The Daguerreian Society

Two items today. . .

On this day (May 24) in the year 1844, the following item appeared in 
the "Springfield Daily Republican" (Vol. 1, No. 45):

  As to daguerreotypes, "a woman's heart is the only true plate for a 
man's likeness.  An instant gives the impression, and, an age of sorrow 
and change effaces it not."

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In the May 1904 issue of "The Century Illustrated Monthly Magazine" 
(Vol. 68, No 1) the following article appeared: (This article preceded 
the often-referenced article by Abraham Bogardus "The Lost Art of the 
Daguerreotype.) As of today, this article and its illustration is also 
available in HTML format on The Daguerreian Society's webpage:

by Pauline King

   Short of an artist's fine handiwork, there has never been any means 
of reproducing the human face which has had the charm of the 
daguerreotype. The term "photographic," which is commonly used to 
designate the limitations of a too hard manner of drawing or painting, 
cannot be applied to it; for the soft, luminous shadows, the melting 
flesh-tones, the reality of life, are such that they may well excite the 
admiration and envy of skilful portrait-painters. This has been fully 
realized by connoisseurs, who have included large collections of 
daguerreotypes among their object d'art, and the appreciation has 
extended until now there is a general searching for good examples of the 
  The collector concerns himself first of all with artistic qualities. 
He soon finds that there are not so many available portraits of 
celebrities as would be supposed, and often as specimens of work these 
are poor, and valuable only for the likeness. Though it might be thought 
that a number of pictures of quite unknown persons would be dull and 
monotonous, yet this is not at all the effect that a collection makes, 
even upon the minds of those who are unbiased by a special enthusiasm. 
For not only has the daguerreotype in itself elements that are 
sufficiently strong to make it entirely desirable for its own sake, but 
there is also an astonishing variety in the subject: there is no 
sameness of physiognomies, such as is inevitable with retouched plate; 
and the individual charm or character of the sitter is presented in so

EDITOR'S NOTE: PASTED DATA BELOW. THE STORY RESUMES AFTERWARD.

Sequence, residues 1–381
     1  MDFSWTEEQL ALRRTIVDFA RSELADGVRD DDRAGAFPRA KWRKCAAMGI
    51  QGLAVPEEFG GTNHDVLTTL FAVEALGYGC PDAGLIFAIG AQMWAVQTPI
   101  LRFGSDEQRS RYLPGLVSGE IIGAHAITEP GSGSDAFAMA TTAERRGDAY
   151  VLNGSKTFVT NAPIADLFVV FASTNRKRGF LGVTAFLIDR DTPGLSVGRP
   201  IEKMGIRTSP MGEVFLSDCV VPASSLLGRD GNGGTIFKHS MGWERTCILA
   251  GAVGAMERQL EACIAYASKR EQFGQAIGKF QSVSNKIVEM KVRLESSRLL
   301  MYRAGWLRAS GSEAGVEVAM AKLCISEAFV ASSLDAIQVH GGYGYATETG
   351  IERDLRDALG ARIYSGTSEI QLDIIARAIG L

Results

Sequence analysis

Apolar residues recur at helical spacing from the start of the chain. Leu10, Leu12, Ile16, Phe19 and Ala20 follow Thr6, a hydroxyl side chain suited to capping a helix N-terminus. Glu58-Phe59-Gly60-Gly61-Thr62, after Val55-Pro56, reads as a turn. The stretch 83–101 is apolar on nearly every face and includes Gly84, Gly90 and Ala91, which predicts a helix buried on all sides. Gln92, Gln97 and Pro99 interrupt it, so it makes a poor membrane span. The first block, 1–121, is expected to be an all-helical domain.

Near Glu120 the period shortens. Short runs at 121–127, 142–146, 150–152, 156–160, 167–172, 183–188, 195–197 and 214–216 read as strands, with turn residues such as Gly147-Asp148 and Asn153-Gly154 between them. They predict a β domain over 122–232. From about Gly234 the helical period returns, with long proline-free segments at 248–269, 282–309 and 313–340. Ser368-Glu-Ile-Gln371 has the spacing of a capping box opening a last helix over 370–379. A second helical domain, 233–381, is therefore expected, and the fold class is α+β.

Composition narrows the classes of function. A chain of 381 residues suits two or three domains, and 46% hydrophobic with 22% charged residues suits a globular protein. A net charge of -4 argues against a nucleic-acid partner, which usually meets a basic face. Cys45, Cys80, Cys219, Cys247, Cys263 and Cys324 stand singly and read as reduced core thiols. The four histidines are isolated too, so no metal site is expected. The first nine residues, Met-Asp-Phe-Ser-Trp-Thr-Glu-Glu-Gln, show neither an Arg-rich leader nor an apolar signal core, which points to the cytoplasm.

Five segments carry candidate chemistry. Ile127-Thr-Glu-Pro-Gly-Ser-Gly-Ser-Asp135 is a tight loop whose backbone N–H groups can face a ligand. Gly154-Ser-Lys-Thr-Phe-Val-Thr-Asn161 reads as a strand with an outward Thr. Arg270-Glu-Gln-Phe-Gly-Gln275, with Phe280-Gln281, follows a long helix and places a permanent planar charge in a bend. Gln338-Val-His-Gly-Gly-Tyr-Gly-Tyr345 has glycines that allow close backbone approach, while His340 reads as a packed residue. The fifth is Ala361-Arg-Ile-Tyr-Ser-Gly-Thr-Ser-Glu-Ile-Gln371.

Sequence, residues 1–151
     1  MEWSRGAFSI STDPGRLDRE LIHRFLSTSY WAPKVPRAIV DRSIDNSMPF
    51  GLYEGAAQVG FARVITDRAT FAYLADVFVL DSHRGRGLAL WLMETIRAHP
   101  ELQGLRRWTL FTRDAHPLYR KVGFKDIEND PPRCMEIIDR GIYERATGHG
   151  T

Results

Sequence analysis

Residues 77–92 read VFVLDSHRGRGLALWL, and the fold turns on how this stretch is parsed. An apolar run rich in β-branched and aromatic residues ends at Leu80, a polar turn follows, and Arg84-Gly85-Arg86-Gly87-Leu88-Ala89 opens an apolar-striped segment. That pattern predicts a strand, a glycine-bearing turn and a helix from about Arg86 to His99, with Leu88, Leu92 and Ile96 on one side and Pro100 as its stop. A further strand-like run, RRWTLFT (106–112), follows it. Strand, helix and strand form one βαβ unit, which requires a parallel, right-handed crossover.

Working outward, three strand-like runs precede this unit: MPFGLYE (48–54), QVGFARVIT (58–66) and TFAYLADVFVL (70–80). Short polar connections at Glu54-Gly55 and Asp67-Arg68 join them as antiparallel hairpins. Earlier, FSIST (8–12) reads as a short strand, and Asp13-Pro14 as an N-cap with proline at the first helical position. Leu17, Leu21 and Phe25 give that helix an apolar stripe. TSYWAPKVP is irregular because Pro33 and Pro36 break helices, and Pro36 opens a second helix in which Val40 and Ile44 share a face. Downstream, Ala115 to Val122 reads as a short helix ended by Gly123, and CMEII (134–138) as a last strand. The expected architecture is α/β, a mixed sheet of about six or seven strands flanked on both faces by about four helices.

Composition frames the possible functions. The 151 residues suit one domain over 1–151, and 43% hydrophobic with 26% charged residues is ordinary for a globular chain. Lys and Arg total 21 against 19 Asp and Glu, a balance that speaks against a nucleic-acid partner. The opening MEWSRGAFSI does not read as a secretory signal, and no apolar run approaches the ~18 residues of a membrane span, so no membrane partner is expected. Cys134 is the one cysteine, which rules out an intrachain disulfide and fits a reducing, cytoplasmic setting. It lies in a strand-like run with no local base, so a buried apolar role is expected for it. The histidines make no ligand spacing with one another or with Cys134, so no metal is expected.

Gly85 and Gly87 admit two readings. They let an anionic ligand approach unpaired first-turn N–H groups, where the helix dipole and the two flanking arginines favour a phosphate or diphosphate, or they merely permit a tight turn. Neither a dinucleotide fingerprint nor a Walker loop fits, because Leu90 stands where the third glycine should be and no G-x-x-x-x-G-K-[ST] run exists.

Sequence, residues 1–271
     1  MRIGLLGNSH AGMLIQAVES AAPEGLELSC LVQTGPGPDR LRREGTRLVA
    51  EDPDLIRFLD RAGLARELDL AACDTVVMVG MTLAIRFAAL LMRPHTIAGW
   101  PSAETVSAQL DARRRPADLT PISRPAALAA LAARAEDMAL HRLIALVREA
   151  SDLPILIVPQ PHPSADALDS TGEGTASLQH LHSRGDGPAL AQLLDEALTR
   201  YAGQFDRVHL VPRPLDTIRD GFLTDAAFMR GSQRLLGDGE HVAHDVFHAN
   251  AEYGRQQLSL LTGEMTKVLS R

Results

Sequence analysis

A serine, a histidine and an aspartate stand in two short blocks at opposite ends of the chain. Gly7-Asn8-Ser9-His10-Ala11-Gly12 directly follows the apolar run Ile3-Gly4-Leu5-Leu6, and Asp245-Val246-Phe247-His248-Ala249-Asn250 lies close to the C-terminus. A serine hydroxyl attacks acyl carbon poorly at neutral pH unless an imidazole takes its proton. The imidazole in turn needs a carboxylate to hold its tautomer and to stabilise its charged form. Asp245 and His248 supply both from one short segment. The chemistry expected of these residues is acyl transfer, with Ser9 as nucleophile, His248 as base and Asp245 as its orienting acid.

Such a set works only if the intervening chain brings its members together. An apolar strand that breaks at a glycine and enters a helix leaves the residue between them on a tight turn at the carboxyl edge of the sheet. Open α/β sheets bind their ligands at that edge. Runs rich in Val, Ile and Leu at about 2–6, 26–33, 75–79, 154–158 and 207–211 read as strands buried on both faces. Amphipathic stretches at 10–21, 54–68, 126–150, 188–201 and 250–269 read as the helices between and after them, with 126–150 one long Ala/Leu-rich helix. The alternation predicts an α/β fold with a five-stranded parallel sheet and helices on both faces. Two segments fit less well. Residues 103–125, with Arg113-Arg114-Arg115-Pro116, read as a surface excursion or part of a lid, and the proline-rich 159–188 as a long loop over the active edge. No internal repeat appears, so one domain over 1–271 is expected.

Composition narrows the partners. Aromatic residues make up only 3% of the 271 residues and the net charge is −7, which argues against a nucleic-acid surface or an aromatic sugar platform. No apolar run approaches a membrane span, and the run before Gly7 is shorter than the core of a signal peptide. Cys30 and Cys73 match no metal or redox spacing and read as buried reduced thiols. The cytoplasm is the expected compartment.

unspoiled and unmodified a manner that one seems to be looking at 
reflections made permanent on tiny looking-glasses.
   The practice was in its greatest popularity in the middle of the last 
century. This was the period of the crinoline and the poke-bonnet, of 
the picturesque high stock and quaint long coat. Though the fashion of 
clothes was then strangely ugly, yet this very oddity has an interest 
for us now. The worst modes of a tasteless era cannot disguise the 
strong, manly faces that appear above the awkward, ill-fitting garments. 
And how often, when a well-worn case is opened, it discloses a vision of 
sweet femininity, her parted hair smoothly arranged and drawn down over 
her ears, and in her soft, dove-like eyes a modest, demure expression 
which adds the last charm to her distinguished beauty! What a subtle 
fragrance of delicate sentiment lingers about her! It seems scarcely 
possible, so natural does she appear in all the grace of her youth, 
thrilling with hope and life, that the sitter may have been dead for 
half a century, or, if still living, is now a wrinkled dame, grandmother 
or great-aunt, as her fate has held.
   Although the presentations of these fair and charming women are 
naturally the most pleasing of the daguerreotype, yet the fidelity of 
reproduction seems equally fortunate and admirable when the rounded 
contours of early life have changed to the sterner outlines of middle 
years and the wrinkles of age. The characteristic faces of men in their 
prime, stout elderly matrons, and old gentlemen and gentlewomen who 
reflect the tastes of a still earlier date, sustain the interest of a 
   They did their work well, those modest portraitists who lived when 
New York was so small a place that it was not found to be inconvenient 
to patronize Gurney, whose gallery was on Broadway facing John street, 
Lawrence, who was on the same street below Fulton, and the still 
surviving veteran Abraham Bogardus, on the corner of Greenwich and 
Barclay streets. Southworth & Hawes were then most prominent in Boston, 
and Van Name[Loan -Ed.] & Richards in Philadelphia.
   Any one who possesses a daguerreotype with one of these names stamped 
upon the case may assure himself that he has an interesting specimen of 
this bygone art; and as the profession had a numerous following, until 
almost every city and town boasted its gallery, there are many other 
daguerreotypists whose fame is equally honorable.
   Who shall rediscover for us this lost and charming art?

Posted for your enjoyment.      Gary W. Ewer       

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